Patio Misters

Keeping it cool while the heat is on

It can be the best feeling in the world to sit in an outdoor room, enjoying some freshly cooked barbecue, and listening to the wind chimes or outdoor clocks, but when the air is too hot or humid, sitting outside can be like sitting in a sauna. Not exactly the most comfortable way to enjoy a room that can cost as much as 10 percent of your home's value.

Luckily, there are acclimatizing options for cooling as well as for heating your outdoor room so that you can sit as comfortably there as you can in your air-conditioned house.

Outdoor Misting

Outdoor cooling methods are unique, since there is really no way to contain the cool air in an open-sided room. One such method is misting, which cools the air to 85 F for comfortable sitting.

Contrary to some belief, misting doesn't increase the humidity in the air. The nozzles release a stream of water so thin that it's actually one-tenth the size of a human hair. This creates a comfortable "fog" that evaporates immediately, leaving the air cool and refreshing.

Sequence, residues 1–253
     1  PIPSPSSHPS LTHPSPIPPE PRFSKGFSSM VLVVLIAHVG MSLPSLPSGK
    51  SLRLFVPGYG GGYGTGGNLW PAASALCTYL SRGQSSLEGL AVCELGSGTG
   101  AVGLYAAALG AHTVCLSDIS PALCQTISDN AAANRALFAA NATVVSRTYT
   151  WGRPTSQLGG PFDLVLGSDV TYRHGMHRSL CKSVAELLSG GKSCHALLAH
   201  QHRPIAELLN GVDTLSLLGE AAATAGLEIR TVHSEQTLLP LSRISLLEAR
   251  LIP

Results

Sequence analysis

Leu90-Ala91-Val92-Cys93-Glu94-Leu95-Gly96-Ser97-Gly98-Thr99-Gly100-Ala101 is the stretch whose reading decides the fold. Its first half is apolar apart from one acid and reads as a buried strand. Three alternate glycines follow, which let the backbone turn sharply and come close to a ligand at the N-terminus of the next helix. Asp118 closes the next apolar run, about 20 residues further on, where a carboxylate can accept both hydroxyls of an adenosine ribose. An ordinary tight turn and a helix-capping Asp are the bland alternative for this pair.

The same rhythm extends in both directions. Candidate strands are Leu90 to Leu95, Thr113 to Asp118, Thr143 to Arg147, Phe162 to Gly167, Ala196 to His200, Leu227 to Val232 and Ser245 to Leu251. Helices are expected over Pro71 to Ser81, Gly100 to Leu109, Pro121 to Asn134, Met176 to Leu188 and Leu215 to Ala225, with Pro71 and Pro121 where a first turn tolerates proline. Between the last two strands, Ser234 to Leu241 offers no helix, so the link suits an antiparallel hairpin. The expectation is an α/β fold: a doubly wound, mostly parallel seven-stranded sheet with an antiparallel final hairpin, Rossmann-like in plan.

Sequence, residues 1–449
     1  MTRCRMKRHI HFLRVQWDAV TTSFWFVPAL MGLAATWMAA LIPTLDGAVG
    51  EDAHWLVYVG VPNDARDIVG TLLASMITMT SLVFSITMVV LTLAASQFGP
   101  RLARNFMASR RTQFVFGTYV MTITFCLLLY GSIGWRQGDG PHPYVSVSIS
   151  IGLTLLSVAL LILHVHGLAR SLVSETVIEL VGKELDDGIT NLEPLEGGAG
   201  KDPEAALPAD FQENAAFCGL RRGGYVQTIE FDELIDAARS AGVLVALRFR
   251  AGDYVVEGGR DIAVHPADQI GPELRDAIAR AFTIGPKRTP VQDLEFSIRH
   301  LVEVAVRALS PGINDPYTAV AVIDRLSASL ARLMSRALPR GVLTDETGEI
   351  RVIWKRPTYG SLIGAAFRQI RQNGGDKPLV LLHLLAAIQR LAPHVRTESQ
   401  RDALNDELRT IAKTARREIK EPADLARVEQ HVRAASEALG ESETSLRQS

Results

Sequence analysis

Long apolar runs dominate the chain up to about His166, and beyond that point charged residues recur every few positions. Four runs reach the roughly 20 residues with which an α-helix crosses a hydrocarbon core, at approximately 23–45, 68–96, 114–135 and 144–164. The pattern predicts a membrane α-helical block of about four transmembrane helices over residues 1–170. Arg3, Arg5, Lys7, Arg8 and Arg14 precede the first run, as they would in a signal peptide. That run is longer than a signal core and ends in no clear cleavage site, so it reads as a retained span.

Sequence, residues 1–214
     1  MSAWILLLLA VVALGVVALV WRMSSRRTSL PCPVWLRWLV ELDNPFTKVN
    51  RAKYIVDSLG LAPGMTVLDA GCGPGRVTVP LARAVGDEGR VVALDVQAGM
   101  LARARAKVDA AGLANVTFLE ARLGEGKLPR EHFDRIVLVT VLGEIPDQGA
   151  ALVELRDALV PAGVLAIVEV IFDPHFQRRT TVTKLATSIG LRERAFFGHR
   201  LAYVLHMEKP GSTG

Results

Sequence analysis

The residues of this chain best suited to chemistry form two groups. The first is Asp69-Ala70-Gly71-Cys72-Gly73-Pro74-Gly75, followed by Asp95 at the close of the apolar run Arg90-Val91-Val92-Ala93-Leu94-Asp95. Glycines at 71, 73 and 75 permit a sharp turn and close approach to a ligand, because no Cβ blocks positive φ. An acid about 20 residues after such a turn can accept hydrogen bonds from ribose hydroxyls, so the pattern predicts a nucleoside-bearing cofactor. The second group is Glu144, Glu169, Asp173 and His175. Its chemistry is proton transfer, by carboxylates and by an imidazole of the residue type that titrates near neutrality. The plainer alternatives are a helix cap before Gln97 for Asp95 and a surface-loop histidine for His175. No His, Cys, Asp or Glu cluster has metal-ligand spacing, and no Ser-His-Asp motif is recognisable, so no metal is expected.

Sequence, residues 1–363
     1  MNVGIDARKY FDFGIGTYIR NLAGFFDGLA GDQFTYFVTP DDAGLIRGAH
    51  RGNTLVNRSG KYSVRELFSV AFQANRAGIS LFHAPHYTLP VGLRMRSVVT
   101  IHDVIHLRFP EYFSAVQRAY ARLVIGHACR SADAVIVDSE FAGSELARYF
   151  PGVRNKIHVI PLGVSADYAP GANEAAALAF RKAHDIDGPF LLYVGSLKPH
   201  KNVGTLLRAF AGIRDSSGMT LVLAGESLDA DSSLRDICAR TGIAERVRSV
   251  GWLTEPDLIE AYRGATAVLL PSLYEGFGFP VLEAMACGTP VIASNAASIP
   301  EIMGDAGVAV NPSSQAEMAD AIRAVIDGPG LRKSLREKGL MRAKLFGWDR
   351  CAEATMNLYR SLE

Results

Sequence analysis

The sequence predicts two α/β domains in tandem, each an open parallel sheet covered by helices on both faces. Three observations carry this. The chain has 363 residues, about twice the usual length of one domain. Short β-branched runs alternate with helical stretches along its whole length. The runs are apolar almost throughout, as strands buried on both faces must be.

Misting is most commonly used in amusement parks and other professional capacities, but it's starting to be installed in residential homes. The effect is very much like air conditioning. The only downside to misting your outdoor room is that your furniture and floors could be covered in light, very tiny water droplets. But if you've weatherproofed everything, this won't be a problem. The water isn't uncomfortable, either - it will evaporate quickly in the warm air. The best placement for an outdoor misting system is along the edges of your outdoor room, so that it creates a sort of "curtain" against the heat of the day.

The system attaches to an overhead shelter and incorporates many well-designed nozzles to provide a continuous cool spray for however long you want to sit outdoors. It's perfect for parties when your outdoor room may have a lot of people in close proximity to one another.

Outdoor Fans

Outdoor fans are another cooling option for outdoor rooms. They attach to the ceiling of your pergola or shelter and keep the air moving so the heat isn't felt so much. Fans can also be attached to an outdoor umbrella, and in fact some commercially sold umbrellas actually include an outdoor fan option. You can also buy a freestanding outdoor fan to cool certain spots of your outdoor room, like a sofa or a hammock. They run on electricity and even make a difference in rainy conditions, when the heat might be lowered but the humidity can be overwhelming.

For safety's sake, be sure to install your fan away from children and high traffic areas.

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